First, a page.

By: Brian J. Meli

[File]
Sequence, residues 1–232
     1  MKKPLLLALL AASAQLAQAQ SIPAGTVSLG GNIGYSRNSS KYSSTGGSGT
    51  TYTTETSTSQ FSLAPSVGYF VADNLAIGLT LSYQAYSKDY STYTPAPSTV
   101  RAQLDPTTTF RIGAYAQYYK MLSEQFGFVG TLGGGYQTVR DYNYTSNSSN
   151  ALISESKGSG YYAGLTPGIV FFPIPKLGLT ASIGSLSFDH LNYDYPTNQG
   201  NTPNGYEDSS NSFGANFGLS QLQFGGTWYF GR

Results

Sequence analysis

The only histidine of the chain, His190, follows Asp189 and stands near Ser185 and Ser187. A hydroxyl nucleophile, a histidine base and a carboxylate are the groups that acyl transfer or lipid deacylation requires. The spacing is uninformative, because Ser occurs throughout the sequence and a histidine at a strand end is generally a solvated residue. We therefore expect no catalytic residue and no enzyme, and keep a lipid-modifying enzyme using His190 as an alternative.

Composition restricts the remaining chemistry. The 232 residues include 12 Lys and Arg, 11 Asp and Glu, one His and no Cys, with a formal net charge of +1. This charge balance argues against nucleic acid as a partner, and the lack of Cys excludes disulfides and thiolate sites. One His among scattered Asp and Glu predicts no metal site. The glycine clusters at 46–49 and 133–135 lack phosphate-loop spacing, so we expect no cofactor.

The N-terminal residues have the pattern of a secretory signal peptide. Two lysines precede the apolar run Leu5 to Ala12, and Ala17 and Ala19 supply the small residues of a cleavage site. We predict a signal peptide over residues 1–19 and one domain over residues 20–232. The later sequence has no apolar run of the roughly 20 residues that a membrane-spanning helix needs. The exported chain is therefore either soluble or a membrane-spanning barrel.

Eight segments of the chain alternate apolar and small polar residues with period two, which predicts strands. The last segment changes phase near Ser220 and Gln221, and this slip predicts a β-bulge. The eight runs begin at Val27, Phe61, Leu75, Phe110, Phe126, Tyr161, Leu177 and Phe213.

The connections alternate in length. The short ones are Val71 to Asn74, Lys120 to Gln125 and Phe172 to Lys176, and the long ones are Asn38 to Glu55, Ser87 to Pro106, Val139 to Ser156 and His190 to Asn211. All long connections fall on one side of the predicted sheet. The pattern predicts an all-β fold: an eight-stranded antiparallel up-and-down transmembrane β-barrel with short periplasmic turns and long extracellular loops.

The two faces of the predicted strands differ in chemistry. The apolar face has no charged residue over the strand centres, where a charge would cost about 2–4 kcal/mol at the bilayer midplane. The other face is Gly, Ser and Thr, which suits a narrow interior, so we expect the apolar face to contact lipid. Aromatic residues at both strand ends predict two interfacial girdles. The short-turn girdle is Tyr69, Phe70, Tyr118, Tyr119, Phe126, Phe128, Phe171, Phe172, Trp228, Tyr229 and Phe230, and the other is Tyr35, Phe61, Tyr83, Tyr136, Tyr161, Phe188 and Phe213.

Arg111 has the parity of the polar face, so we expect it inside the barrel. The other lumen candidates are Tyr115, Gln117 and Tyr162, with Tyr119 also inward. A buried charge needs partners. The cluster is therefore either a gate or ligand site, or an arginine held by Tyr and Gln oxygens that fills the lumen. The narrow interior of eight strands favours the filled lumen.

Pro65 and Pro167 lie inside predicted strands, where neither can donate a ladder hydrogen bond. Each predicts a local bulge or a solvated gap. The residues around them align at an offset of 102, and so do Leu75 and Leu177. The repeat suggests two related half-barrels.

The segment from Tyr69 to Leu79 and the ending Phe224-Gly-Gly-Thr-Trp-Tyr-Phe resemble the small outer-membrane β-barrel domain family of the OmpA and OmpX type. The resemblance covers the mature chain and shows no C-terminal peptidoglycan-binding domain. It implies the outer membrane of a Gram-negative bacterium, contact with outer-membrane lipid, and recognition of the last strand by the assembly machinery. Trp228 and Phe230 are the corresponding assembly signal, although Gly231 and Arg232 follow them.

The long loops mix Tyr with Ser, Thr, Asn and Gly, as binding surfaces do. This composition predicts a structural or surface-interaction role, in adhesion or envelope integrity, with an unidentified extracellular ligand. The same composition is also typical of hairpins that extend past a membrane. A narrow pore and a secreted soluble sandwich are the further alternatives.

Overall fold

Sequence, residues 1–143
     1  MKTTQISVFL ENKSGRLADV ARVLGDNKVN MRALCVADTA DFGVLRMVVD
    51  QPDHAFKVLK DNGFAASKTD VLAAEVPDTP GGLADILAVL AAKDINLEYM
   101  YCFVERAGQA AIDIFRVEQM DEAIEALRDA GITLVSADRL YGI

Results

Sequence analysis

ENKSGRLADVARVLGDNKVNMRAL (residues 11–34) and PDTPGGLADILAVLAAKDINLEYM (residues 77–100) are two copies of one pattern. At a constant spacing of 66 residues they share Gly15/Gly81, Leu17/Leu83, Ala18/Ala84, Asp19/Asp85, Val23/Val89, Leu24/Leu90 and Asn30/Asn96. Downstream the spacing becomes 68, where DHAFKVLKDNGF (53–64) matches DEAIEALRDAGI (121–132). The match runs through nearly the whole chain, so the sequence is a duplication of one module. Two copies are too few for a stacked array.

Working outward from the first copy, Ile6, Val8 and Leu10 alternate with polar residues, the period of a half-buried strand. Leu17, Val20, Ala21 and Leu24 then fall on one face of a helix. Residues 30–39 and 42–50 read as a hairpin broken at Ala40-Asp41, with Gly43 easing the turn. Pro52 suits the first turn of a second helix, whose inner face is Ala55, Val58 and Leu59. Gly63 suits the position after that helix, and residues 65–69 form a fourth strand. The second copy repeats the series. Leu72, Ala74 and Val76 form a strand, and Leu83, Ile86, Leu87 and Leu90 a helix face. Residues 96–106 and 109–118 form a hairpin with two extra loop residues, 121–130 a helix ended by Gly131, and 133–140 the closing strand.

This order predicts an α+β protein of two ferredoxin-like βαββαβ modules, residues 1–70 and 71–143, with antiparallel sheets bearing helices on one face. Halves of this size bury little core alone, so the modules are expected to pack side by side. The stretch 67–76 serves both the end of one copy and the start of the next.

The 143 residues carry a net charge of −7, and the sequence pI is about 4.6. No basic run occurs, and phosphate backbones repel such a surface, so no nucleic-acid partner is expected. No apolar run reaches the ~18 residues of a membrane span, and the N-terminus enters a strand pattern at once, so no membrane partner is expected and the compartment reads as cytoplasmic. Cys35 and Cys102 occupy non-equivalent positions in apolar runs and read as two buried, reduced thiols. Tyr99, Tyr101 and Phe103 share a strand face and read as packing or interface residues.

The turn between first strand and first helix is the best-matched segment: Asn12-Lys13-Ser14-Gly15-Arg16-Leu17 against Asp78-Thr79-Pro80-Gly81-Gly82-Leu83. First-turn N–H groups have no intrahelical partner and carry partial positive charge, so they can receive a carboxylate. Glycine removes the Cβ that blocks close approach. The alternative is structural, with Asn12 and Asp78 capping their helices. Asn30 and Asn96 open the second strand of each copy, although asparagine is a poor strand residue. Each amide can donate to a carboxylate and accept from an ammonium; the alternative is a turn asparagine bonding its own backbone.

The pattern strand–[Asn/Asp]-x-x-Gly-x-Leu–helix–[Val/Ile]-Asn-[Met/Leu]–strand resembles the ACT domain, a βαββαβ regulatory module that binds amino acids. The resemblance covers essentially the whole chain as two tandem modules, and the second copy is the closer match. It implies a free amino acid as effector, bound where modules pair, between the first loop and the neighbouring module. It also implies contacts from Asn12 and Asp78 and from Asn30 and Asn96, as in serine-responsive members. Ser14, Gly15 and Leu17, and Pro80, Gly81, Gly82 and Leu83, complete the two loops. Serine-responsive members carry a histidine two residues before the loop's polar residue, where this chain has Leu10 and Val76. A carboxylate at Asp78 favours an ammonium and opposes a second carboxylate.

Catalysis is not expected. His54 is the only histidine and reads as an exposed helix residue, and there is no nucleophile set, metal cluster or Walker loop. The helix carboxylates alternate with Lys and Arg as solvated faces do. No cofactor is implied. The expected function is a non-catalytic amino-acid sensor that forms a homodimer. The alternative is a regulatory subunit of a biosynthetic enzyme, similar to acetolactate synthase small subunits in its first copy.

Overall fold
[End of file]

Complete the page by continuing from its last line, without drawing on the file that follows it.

2014 will, among other things, be remembered as the year the term ‘net neutrality’ was foisted upon the American public’s ever expanding e-lexicon. It began in earnest last January, when Verizon won its high-profile challenge to the FCC’s Open Internet Order, the official name for the Commission’s rules upholding the principle of net neutrality, requiring equal treatment for all web traffic without regard to source. The issue then picked up considerable steam in May when, in response to that ruling, FCC Chairman Tom Wheeler and his fellow commissioners approved a new plan that would scrap the concept of net neutrality as it was understood at the time, and create a new regulatory framework allowing Internet “fast lanes,” which deep-pocketed providers could pay for the privilege to use to push their content at higher speeds. You could say it reached fever pitch one month later when comedian John Oliver pilloried the FCC’s decision in this brilliantly conceived polemic, racking up eight million YouTube hits and cementing the issue in mainstream consciousness. Finally, as 2014 drew to a close, none other than President Obama himself voiced his unequivocal support for net neutrality in a direct address to the nation.